Justin Sun, the founder of crypto platform Tron, says he bought an additional 150 bitcoin as the market crashed on Dec. 4 “to match the CEO of El Salvador’s offer.”
“I just bought the dip,” the 31-year-old crypto tycoon announced on Twitter. According to Sun, the purchase was designed to “match” an earlier trade by El Salvador President Nayib Bukele.
Bukele, who calls himself the “chief executive officer of El Salvador”, on Saturday revealed that the Central American country acquired another 150 bitcoin (BTC) for about $7.3 million, or an average $48,700 per coin.
“We will buy every dip, forever,” El Salvador congressman William Soriano told BeInCrypto on Saturday. “This is our long-term Bitcoin strategy, to keep buying.”
‘Bought the dip’
Both Sun and Bukele took advantage of bitcoin’s massive 20% crash on the day to amass more coins. The price of BTC tanked to as low as $42,000 on Binance, amid concerns of a resurgence in the corona virus.
They “bought the dip,” said the duo separately, referring to a practice in financial investment of buying an asset after it drops in price, believing that to be a bargain. Bukele had to swear it out. “Missed the f***ing bottom by 7 minutes,” cursed the 40-year-old President.
But Sun, who is also CEO of BitTorrent, a file-sharing software company, did not buy enough BTC initially, – just 100 coins.
“You have to buy 50 bitcoin to match,” Bukele nudged him on. “It’s just a couple million dollars more. Come on!”
Moments later, Sun replied: “Done. Just bought 50 bitcoin.” In total, the Tron founder spent more than $7.1 million buying 150 BTC on the day, as the top cryptocurrency crashed to a new two-month low.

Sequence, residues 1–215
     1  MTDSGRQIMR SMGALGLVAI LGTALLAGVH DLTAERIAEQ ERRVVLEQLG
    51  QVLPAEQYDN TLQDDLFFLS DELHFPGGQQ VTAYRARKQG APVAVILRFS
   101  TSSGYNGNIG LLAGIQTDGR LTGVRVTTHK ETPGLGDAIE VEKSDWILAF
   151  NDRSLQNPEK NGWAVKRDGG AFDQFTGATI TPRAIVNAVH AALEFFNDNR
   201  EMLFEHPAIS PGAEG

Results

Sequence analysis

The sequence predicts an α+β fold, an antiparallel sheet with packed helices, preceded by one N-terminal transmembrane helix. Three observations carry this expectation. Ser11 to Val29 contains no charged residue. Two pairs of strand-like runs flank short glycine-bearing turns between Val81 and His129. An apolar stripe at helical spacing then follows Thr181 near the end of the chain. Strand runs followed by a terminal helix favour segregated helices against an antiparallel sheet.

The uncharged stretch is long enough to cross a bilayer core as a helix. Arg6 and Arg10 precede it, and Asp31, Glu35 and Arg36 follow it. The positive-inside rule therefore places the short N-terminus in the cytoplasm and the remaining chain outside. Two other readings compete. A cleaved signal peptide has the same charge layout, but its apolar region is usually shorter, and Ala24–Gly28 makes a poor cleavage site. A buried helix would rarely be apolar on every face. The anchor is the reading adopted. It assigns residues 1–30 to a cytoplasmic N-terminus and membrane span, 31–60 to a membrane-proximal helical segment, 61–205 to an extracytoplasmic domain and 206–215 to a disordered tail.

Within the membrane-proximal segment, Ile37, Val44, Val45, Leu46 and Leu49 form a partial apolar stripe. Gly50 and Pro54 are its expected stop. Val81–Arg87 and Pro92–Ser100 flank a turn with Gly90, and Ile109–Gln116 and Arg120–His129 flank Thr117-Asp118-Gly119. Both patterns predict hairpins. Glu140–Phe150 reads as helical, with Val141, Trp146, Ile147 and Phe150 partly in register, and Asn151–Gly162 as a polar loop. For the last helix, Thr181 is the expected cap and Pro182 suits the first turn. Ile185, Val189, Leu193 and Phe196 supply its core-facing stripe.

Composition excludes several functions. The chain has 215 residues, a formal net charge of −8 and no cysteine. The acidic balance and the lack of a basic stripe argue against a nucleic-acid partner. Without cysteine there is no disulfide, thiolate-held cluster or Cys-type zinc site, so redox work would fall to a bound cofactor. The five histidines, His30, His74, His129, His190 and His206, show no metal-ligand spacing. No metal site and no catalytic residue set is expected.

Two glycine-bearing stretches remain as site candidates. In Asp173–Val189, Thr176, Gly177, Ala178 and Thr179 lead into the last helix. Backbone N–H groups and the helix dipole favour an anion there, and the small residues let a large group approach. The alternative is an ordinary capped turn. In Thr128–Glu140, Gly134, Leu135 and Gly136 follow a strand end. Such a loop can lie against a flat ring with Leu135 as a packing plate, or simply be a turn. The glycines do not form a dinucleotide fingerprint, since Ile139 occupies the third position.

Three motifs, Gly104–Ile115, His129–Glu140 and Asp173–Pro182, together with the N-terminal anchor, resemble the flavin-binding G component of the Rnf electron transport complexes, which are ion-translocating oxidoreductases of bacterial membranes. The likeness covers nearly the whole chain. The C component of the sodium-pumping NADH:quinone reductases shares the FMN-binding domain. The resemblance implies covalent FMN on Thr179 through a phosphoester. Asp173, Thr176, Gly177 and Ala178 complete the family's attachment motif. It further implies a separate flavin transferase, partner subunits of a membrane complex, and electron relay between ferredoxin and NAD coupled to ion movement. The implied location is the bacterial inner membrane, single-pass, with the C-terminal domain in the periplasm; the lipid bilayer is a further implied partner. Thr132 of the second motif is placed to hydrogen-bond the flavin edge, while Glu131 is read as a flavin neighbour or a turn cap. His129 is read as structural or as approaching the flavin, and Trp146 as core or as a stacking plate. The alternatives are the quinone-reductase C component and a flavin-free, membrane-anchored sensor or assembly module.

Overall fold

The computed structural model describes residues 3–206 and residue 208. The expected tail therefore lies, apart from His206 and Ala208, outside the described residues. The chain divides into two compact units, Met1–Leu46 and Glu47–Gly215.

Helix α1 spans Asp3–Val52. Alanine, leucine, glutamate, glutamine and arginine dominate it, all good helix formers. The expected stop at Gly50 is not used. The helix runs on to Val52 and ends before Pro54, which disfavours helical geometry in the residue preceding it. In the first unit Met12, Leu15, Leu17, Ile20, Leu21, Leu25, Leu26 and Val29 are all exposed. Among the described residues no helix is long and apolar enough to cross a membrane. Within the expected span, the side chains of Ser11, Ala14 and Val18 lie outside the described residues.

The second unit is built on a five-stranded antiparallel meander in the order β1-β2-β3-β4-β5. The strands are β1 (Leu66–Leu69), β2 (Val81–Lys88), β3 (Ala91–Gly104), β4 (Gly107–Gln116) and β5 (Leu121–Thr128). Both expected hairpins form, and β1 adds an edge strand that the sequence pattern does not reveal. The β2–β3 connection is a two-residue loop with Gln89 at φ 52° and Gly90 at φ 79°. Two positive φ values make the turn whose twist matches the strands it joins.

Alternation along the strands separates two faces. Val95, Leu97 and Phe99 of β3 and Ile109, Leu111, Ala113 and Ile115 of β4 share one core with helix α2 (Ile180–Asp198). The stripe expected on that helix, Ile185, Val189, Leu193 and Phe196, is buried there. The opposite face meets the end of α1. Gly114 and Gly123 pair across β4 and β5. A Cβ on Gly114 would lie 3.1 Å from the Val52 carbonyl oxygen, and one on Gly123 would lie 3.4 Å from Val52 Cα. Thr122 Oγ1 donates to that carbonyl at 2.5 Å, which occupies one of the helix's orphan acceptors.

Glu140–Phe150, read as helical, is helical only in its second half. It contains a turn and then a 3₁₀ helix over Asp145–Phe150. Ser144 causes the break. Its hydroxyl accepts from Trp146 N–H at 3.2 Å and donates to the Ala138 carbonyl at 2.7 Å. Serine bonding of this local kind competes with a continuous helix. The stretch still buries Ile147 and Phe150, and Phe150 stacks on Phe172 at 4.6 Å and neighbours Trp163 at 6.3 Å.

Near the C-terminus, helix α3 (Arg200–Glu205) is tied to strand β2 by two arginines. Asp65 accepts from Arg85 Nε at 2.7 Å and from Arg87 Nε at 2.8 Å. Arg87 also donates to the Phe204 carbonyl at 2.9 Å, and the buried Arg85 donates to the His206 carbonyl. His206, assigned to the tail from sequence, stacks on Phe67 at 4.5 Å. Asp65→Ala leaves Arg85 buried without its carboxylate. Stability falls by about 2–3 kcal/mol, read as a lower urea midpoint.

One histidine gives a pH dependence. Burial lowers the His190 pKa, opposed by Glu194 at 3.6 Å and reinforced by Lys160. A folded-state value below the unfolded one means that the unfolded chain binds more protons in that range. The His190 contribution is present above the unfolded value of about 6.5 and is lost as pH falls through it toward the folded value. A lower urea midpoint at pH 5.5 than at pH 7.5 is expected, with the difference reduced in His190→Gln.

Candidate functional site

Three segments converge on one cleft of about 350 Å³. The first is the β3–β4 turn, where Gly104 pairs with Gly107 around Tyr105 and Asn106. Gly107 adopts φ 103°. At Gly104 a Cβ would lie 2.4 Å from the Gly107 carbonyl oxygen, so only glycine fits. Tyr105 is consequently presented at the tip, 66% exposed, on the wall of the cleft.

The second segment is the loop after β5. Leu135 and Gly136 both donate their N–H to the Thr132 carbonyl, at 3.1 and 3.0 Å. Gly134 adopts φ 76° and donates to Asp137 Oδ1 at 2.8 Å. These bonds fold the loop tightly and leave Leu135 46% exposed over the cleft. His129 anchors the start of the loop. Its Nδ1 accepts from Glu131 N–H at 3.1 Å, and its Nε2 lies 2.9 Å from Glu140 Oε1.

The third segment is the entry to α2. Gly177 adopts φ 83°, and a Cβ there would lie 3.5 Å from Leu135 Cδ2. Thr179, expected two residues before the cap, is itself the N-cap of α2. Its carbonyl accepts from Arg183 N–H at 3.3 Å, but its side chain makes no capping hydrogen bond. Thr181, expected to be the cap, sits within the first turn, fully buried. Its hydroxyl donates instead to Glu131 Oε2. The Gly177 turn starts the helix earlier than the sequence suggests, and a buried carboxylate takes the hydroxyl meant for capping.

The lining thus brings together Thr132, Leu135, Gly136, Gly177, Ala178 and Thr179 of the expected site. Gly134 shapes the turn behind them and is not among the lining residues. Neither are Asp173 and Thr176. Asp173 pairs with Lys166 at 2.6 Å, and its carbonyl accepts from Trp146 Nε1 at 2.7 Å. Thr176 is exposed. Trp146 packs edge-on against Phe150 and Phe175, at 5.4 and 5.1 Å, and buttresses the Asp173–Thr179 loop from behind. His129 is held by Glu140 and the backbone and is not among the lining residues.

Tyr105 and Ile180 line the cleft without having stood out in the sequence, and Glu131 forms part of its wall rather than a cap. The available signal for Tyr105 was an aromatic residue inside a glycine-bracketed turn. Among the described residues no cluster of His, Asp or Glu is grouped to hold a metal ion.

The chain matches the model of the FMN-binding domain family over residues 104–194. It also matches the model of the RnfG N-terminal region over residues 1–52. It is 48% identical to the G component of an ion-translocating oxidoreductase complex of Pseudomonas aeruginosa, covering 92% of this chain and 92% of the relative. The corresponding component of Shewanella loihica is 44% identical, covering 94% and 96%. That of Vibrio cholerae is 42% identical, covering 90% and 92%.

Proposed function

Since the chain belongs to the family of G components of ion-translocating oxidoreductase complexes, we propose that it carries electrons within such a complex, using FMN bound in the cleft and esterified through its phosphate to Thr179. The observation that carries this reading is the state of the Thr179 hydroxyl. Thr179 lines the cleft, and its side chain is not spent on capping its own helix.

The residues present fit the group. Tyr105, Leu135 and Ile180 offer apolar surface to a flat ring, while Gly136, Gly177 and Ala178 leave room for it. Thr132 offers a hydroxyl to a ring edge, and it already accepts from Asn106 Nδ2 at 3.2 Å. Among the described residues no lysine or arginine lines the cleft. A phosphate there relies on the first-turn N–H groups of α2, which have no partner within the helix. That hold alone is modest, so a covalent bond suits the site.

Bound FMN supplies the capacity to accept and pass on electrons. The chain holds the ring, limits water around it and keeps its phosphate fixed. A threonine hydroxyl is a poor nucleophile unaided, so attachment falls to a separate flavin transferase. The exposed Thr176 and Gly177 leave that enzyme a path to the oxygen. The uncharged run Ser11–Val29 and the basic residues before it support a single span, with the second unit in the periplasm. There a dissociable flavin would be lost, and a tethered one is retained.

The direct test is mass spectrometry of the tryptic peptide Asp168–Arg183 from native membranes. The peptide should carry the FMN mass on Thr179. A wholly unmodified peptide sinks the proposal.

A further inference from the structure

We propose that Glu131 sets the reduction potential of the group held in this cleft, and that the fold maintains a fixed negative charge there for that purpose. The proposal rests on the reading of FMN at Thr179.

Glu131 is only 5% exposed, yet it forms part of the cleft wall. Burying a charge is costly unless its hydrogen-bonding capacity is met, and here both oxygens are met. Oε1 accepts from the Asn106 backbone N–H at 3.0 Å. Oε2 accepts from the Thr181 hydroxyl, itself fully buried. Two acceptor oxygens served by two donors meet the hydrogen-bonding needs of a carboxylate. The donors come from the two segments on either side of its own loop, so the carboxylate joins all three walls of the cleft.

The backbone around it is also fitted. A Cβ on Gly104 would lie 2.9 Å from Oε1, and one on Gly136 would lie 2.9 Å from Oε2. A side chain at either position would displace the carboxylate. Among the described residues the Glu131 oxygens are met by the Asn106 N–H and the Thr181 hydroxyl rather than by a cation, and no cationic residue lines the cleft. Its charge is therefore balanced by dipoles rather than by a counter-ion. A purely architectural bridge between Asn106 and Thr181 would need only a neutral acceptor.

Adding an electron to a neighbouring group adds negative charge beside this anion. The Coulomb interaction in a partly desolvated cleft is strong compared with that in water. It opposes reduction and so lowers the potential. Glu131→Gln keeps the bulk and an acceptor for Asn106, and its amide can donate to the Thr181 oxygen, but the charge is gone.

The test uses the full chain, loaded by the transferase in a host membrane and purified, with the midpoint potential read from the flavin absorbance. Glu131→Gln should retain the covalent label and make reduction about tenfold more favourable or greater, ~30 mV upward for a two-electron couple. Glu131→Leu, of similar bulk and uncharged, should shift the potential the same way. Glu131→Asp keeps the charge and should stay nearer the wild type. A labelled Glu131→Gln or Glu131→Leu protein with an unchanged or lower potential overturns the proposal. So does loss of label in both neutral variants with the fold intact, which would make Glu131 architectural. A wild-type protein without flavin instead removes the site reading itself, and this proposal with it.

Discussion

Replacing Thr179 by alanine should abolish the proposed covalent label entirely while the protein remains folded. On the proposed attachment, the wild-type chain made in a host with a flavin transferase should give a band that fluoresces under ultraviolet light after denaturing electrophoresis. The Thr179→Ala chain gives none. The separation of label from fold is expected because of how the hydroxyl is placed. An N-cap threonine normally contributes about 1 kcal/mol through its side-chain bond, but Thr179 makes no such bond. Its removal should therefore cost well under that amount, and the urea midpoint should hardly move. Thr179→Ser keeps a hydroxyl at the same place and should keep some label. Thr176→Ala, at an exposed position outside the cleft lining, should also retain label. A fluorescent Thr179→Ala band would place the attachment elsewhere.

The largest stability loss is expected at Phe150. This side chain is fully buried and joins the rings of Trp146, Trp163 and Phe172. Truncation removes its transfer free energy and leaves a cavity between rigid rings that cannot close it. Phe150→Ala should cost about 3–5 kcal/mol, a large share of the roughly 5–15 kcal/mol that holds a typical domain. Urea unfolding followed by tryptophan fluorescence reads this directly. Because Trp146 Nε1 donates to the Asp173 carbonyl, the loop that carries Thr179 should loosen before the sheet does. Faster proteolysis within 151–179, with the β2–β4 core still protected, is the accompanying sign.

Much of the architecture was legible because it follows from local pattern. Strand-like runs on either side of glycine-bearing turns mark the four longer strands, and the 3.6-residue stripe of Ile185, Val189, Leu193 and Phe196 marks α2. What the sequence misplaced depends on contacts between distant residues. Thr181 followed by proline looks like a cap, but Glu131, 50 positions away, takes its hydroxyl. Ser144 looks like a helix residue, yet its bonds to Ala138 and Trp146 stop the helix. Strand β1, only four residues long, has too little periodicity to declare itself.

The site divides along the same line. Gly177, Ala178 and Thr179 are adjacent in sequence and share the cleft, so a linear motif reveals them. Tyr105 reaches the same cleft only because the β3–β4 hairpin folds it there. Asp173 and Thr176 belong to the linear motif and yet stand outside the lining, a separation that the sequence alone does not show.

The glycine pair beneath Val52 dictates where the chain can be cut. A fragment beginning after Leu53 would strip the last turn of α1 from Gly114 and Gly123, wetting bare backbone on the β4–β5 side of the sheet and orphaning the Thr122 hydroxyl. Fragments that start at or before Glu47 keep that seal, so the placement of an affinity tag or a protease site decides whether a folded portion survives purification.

Bullish on bitcoin
Like Bukele, Sun remains upbeat about the future of bitcoin and has been stocking up on his holdings. In May, he bought 4,145 BTC for $152 million, after the price fell below $37,000.
He has also shown a huge liking for expensive art. Recently, he splashed $78.4 million on a 1947 piece by Swiss artist Alberto Giacommetti called Le Nez.
For El Salvador, bitcoin represents both the present and the future, at least under Bukele. According to official data, the country, which became the first to legalize bitcoin as an official currency, now holds 1,370 in BTC as a reserve asset.
At current prices, that bitcoin is worth more than $65 million. El Salvador is now looking to float a $1 billion bond backed by bitcoin, as part of plans to build a city that runs entirely on the digital asset.
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